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Useful R Resources That May Have Escaped Your Attention

Link to the last RSS article here: Five easy steps for scraping data from web pages. -- Ed.

By Dr. Richard Herrington, Research and Statistical Support Consultant

This month I would like to bring a couple of useful resources to the attention of our R users here on campus. Given the popularity of R nowadays,  and the ubiquity of R web resources available for perusal, sometimes the really useful resources can get lost in this overwelming volume of content.

R Help and rdocumentation.org

The R “ecosystem” is quite large and sometimes finding the right function or package can be daunting.

Fortunately, many efforts are underway to make bulk of R documentation easy to access and easy to search. One notable website is http://www.rdocumentation.org/ (screen shot below):

 

rocumentation

 

Additionally, for Google Chrome Users, there is a Chrome extension that provides ready access to this website (search for “r documentation” on the Google Apps store front).     

Many of the helpful hints from user contributed wikis and listserves provide essential troubleshooting advice and programming tricks that are useful to R users.   

The website http://www.rseek.org/ provides a customized search interface that searches through the most common wikis and listserves:

 R Seek

Using R for Teaching and Collaboration

The online consulting group DataMind -  http://www.datamind.org/#/   has provided an open interface for running live R code and sharing this code on a threaded wiki - http://www.r-fiddle.org/#/  (screen shot below):

 

 R-Fiddle

 

This website is accompanied by a short tutorial on using r-fiddle as well as short tutorials on learning the R language. Data can be read into an R session either using a Dropbox or a Google-Drive share:

 Reading data

Additionally, DataMind provide a Google chrome extension for easy access (search Google Apps store front for “r-fiddle”).

An R Blog Aggregation Website:  R-Bloggers

Lastly, we would be remiss to not mention the extremely informative (and entertaining!) website

http://www.r-bloggers.com/ R-Bloggers brings together hundreds of seasoned R users providing useful R related articles and announcements that cover content for both novice and expert users of R:

 R-bloggers

Programming Tools

The Rstudio development environment - http://www.rstudio.com/ - comes highly recommended by R users who find themselves wanting more than just the vanilla R script editor that is part of the R console.   The desktop Rstudio program is an open-source, free script/debugging editor that provides many bells and whistles for those who find themselves needing more organization and accounting for their development process. Rstudio provides: script highlighting, code completion, integrated help system, workspace browser, data viewer, script debugging, package development tools, and much more. Commercial versions exist providing facililties for deploying R in enterprise settings. Rstudio Server is a version of Rstudio that deploys Rstudio over the web, accessible through a web browser:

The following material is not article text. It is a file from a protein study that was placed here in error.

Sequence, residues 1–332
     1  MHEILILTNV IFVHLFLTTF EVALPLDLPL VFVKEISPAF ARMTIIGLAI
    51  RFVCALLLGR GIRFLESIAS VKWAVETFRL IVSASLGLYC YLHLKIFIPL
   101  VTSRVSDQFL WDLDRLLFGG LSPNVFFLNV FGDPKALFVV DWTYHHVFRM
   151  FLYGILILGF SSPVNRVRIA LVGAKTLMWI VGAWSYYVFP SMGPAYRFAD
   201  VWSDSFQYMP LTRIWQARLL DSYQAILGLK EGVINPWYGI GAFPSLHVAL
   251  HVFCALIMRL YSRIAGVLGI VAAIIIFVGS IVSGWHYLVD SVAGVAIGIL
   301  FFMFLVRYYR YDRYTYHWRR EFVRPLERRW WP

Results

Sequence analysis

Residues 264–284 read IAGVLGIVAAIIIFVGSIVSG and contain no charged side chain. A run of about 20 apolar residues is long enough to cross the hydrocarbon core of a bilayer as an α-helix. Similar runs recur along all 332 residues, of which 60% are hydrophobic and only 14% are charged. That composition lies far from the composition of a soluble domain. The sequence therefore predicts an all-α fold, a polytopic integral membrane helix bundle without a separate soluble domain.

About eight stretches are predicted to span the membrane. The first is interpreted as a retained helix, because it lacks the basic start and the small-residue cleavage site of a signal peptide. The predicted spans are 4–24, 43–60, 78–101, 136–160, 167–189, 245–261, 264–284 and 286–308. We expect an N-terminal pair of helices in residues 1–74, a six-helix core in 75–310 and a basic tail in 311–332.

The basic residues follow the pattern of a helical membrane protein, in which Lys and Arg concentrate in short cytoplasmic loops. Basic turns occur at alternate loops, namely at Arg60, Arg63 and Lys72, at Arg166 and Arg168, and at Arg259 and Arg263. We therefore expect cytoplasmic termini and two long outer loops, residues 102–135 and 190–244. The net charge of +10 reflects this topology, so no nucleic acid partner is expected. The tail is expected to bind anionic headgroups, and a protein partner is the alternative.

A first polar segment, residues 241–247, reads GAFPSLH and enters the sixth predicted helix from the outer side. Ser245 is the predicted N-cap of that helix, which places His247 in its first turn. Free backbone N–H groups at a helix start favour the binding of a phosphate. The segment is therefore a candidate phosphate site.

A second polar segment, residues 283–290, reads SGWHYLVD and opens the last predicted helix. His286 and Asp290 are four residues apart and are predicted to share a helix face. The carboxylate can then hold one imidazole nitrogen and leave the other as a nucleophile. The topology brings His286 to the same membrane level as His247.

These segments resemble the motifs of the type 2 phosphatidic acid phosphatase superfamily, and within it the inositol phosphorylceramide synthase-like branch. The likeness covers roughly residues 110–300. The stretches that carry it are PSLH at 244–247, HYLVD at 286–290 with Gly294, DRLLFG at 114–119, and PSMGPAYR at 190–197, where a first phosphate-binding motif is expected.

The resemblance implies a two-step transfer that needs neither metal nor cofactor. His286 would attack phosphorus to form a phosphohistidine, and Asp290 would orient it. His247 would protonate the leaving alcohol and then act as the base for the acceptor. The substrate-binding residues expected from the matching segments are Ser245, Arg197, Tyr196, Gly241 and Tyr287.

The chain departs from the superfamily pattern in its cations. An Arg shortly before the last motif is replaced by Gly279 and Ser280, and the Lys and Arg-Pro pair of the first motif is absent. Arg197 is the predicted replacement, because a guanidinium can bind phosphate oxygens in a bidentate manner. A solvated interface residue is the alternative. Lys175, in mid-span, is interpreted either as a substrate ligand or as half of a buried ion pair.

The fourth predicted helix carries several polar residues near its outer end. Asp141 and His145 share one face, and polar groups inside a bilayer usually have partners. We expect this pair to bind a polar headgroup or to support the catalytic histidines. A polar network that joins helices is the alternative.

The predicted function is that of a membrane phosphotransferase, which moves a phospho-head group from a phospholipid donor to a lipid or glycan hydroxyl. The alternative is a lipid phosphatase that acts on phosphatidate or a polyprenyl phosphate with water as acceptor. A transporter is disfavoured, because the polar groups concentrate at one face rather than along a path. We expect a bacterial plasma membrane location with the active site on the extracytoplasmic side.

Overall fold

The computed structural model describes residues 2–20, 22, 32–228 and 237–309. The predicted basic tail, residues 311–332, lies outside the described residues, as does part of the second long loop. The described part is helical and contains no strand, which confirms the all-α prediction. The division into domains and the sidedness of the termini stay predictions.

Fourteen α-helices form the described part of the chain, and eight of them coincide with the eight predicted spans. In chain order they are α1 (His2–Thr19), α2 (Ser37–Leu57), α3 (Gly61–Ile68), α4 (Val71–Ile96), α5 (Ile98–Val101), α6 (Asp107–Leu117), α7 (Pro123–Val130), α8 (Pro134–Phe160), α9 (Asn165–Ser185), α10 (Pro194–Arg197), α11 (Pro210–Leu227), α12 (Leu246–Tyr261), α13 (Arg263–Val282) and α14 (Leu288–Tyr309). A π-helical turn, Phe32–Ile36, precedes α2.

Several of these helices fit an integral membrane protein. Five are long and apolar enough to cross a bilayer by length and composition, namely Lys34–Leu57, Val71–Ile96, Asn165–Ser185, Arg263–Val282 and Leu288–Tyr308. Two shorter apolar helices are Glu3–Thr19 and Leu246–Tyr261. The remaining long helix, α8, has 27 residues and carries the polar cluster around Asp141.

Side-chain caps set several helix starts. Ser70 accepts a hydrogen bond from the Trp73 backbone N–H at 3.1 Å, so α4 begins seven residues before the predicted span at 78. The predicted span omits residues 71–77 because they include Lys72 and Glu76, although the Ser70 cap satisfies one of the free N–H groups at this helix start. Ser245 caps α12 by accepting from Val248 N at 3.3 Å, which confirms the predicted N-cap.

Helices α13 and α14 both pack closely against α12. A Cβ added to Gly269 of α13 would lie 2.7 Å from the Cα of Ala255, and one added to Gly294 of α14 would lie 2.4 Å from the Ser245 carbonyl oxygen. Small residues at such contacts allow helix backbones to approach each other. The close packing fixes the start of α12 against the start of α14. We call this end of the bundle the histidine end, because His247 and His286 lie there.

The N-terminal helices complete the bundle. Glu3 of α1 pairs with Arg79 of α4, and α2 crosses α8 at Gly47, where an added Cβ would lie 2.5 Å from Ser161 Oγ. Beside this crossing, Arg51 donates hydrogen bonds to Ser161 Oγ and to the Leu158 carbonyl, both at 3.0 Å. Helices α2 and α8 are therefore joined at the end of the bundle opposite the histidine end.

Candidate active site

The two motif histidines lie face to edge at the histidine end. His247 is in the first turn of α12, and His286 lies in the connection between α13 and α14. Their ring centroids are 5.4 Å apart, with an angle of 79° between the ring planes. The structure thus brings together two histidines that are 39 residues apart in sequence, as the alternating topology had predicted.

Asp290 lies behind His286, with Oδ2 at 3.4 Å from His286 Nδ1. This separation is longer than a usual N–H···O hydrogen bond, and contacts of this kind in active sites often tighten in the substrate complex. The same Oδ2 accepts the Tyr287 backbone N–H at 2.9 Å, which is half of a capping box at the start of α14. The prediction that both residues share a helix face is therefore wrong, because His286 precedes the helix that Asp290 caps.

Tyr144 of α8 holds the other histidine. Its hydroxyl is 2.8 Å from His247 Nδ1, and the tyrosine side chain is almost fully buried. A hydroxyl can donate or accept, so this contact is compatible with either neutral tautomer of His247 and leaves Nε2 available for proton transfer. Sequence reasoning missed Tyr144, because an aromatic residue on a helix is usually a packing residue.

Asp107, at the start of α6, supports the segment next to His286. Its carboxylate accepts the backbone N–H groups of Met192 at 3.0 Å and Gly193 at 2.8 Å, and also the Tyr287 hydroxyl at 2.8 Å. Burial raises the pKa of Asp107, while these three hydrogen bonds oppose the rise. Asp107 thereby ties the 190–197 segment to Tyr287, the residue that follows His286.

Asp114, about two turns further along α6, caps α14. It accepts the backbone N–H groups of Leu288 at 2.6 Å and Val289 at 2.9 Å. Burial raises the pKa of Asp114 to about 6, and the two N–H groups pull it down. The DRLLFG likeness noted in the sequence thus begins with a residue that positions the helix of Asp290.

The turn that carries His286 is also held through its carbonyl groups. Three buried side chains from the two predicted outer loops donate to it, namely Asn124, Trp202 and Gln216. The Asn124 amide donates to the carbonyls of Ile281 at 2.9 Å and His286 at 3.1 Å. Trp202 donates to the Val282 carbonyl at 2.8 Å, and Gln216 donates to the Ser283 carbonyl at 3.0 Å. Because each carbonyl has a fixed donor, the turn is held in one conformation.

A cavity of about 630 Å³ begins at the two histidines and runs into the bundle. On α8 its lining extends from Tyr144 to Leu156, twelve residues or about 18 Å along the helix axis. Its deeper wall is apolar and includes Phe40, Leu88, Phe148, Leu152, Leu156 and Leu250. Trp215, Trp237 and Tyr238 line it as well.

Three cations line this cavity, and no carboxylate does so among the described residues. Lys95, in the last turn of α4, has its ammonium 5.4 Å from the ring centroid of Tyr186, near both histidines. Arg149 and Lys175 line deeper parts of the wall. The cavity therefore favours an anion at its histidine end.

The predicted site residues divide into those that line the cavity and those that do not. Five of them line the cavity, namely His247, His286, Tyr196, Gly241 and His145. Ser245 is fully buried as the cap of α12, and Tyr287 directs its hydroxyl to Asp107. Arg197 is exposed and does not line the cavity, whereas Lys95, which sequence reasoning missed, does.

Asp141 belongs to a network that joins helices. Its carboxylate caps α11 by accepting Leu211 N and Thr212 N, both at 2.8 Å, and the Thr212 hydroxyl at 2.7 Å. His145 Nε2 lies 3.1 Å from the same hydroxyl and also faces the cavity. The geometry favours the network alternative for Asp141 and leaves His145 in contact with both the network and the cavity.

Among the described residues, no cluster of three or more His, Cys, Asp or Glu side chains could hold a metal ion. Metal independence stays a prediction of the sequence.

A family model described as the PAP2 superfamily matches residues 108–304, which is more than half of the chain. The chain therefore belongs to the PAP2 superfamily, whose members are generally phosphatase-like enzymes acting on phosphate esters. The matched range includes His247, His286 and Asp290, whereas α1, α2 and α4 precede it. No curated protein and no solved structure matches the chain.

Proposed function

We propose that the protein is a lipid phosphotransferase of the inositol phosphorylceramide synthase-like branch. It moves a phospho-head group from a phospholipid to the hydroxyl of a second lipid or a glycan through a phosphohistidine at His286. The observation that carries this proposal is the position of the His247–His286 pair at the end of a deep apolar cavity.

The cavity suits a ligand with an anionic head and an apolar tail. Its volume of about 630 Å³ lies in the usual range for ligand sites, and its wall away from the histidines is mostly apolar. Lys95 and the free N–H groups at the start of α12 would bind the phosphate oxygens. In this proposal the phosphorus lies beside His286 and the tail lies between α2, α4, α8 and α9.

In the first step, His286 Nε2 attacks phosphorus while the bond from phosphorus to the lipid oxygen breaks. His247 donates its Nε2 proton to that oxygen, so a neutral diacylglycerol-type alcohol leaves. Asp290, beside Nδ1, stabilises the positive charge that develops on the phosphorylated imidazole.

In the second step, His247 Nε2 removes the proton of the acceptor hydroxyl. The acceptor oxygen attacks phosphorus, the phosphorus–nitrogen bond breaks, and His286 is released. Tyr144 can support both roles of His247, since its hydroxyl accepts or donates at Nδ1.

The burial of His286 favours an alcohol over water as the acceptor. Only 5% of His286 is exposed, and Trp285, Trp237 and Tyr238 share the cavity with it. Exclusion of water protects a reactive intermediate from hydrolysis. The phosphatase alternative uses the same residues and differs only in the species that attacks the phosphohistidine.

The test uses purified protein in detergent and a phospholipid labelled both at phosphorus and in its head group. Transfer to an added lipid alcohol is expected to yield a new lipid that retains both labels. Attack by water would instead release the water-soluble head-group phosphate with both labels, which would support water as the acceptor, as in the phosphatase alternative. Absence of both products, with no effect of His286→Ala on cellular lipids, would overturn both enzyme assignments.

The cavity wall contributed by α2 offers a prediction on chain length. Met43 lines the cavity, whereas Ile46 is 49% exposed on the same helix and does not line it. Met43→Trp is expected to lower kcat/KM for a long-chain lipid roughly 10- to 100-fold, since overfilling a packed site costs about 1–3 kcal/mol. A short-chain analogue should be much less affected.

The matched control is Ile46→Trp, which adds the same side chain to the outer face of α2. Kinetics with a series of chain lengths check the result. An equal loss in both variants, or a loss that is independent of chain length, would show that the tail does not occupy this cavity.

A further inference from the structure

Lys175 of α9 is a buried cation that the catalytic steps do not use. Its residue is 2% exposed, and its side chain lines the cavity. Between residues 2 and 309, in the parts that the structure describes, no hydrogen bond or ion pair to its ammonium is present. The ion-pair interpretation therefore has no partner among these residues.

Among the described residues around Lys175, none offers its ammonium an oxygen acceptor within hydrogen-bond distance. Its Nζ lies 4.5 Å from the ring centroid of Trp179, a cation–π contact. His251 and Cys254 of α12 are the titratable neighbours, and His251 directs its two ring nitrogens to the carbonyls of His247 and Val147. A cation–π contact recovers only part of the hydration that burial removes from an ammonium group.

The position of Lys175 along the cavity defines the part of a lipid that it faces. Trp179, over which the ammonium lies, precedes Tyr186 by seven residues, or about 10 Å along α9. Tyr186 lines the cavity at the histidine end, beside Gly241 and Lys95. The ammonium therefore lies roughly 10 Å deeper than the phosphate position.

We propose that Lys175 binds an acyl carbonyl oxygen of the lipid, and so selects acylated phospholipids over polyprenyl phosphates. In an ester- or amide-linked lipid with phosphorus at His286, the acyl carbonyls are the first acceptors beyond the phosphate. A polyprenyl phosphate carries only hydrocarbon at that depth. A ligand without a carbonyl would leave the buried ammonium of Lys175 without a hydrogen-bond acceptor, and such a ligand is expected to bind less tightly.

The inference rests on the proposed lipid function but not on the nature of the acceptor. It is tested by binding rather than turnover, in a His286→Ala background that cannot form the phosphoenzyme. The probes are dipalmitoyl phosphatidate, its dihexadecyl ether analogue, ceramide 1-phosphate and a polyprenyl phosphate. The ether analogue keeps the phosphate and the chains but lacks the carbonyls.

Rstudio Server

 

Additionally, the Rstudio developers provide another open-source tool for deploying R applications over the web,  Shiny  - http://www.rstudio.com/shiny/

 Shiny

No Better Time to Be An R User

The R community has grown an impressive set of resources for researchers who need a smart, flexible, data analysis system. All you non-R users need to do now is to give these impressive tools and resources a chance to improve your knowledge and productivity for your respective disciplines.   There is no better time than the present to become a R user! Happy Holidays and good data analysis to you!

Originally published December 2013 -- Please note that information published in Benchmarks Online is likely to degrade over time, especially links to various Websites. To make sure you have the most current information on a specific topic, it may be best to search the UNT Website - http://www.unt.edu . You can also consult the UNT Helpdesk - http://www.unt.edu/helpdesk/. Questions and comments should be directed to benchmarks@unt.edu.